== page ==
The water treatment plant responsible for water purification in Winburg was awarded a refurbishment contract worth R25 million ($1.5 million) last year. And yet, it has shrubs and grass growing from the gutters and cracks in the walls.

A contractor, who spoke on condition of anonymity, said he oversaw upgrades to the sewage pump stations and refurbishment of the wastewater treatment works in 2020. As part of the contract, the company installed a generator at the wastewater treatment works to ensure it continued to function during load shedding.

He said after the company completed the work, which included fixing the aerators essential to purifying the sewage, “some genius” in the municipality decided to move the generator to another facility. However, the electrical lines ran through the generator, so without it there was no power, and the wastewater treatment works could not function. Masilonyana municipality spokesperson Zongezile Ntjwabule said the generator was moved due to “an electrical crisis” that occurred in nearby Brandfort.

Rewiring it was a simple job of reconfiguring the incoming line, which any qualified electrician could do, the contractor said. Yet this had not been done. Ntjwabule said the municipality is currently working to address the “faulty cables,” responsible for cutting off power supply to the Winburg wastewater treatment plant.

The contractor added that the company advised the municipality it needed to replace the town’s sewerage pipes, which were old asbestos-laden pipes that were continually rupturing. “They were breaking in people’s yards,” he said.

All effluent from the wastewater treatment works, as well as sewage from broken sewerage lines and pump stations, flowed to the dam where drinking water was drawn. But even if the water purifying plant at the dam was working properly, it wasn’t designed to clean water contaminated by sewage, he said.

The stream of effluent runoff, which smells strongly of sewage, flows from Winburg’s failing wastewater treatment works to the dam from which the town’s drinking water is extracted.

Documents circulated in the June municipal council meeting show a consultant, a civil engineering firm and both an electrical and mechanical contractor were appointed to refurbish Winburg’s water purification plant in Jan. 2019. “However, due to poor performance, both the Contractor and consultant were terminated (sic),” states the document.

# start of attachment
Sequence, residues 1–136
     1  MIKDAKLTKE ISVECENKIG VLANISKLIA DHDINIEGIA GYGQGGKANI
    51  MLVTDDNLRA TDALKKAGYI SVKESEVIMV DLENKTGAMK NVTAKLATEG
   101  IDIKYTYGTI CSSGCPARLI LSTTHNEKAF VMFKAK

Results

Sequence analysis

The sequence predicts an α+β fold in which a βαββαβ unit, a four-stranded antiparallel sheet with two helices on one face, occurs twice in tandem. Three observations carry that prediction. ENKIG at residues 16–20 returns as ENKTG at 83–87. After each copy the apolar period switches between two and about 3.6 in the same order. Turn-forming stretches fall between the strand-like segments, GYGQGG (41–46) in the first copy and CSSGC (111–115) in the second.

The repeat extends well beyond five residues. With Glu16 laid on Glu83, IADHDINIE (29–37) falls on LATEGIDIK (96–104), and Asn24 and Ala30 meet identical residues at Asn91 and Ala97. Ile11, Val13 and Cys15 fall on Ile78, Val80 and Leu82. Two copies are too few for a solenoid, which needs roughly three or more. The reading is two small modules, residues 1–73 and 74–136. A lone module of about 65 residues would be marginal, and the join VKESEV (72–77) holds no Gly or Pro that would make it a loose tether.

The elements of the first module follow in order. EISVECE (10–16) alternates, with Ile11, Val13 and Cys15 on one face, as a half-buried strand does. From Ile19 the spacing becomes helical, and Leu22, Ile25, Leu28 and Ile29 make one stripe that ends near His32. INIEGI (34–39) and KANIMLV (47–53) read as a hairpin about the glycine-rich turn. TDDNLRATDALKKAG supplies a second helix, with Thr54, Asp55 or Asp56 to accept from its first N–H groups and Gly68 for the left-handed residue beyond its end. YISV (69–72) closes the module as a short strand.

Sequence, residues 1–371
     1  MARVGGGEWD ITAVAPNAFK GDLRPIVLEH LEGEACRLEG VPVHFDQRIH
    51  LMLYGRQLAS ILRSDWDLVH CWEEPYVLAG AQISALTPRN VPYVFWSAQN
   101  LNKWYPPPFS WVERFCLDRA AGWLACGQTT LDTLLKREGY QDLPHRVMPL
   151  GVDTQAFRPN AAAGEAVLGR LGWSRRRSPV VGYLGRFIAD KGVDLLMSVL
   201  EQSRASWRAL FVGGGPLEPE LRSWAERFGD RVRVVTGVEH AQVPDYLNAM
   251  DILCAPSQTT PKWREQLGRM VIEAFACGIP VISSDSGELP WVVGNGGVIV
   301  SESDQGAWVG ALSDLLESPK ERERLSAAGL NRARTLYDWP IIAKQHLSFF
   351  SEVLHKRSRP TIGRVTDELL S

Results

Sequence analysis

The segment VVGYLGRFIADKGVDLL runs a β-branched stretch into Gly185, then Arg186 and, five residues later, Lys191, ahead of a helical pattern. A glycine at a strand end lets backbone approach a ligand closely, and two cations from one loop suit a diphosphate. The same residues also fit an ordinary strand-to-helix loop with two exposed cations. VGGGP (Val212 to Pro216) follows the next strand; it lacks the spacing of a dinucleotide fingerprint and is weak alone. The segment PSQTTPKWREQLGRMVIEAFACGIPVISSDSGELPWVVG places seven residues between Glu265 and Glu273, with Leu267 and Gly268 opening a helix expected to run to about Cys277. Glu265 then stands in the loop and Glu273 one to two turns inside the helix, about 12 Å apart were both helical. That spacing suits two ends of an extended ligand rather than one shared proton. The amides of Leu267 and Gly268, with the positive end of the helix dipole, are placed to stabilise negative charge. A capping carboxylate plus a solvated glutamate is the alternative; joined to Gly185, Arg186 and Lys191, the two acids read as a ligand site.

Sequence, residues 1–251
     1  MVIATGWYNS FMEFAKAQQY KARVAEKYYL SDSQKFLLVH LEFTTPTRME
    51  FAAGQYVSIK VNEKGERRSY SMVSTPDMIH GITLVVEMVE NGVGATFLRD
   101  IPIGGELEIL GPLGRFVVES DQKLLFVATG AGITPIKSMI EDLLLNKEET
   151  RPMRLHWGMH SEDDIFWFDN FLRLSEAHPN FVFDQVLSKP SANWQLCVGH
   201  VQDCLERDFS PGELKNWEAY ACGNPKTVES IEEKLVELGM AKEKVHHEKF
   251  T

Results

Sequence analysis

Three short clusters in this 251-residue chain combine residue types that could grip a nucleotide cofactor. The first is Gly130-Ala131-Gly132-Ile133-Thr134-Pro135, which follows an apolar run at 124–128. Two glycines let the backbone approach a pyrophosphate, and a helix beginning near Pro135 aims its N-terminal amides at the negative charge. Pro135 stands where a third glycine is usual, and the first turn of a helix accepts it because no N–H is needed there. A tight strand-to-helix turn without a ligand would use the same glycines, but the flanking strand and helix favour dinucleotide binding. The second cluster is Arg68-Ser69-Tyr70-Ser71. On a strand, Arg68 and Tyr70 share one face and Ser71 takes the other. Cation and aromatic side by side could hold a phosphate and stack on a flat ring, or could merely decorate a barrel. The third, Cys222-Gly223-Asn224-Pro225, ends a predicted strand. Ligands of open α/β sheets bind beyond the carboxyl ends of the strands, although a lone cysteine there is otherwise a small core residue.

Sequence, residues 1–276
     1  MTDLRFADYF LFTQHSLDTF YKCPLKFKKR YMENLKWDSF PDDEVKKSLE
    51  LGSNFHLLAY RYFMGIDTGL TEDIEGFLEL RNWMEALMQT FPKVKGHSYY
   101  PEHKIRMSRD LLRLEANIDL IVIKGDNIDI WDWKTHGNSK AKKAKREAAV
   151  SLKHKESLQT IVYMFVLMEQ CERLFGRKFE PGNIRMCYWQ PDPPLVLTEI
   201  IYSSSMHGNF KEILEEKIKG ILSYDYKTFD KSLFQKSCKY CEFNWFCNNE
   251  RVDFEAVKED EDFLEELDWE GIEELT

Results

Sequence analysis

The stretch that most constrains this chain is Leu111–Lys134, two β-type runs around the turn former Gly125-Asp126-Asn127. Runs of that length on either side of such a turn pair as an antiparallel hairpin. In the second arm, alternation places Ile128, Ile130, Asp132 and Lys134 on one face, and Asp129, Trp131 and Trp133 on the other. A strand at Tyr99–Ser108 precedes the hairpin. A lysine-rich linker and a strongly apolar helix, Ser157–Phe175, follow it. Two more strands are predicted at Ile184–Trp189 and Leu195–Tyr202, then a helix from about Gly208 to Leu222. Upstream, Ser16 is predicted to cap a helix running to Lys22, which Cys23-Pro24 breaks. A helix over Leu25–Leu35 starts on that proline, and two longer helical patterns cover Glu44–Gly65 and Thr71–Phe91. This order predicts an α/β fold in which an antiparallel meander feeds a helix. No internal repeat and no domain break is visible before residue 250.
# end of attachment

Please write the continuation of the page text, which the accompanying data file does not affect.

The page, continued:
Then a new consultant was appointed in Aug. 2021, along with the same electrical and mechanical contractor, with a R25.6 million ($1.5 million) refurbishment budget.

In addition to refurbishment of mechanical works, electrical works and piping, there was also exterior work, such as landscaping, surfacing of the road, roof works and brick works listed in the document. As of March, it was clear no such exterior work had been done.

Winburg resident and municipal councillor Brunhilde Rossouw said the consultant and contractors arrived on site in Aug. 2021, “but very, very little” work took place, with no work having been done since October last year. Ntjwabule said the contractors appointed in August had since been terminated due to irregularities in their supply chain management process. 

Winburg – the site of a former Boer war concentration camp – falls within the Masilonyana local municipality, which includes the towns of Theunissen, Verkeerdevlei and Brandfort.

While Winburg’s failure to provide clean drinking water is striking – in that the supply dam is polluted with untreated effluent from the wastewater treatment works – it is not unique. Drinking water supply fails to meet minimum standards throughout the municipality. 

Data on the IRIS dashboard for June shows the drinking water in all four towns is contaminated by faecal bacteria, as measured by microbiological compliance. Verkeerdevlei scored 0 per cent for microbiological compliance, while Theunissen scored 28.6 per cent, Winburg scored 55.6 per cent and Brandfort scored 88.9 per cent. The minimum standard for compliance is 97 per cent.

Similarly, the wastewater treatment works in all of these towns are failing. The data shows all four towns have failed to report effluent quality from their wastewater treatment works for over two years, reflecting 0 per cent compliance for all effluent quality standards.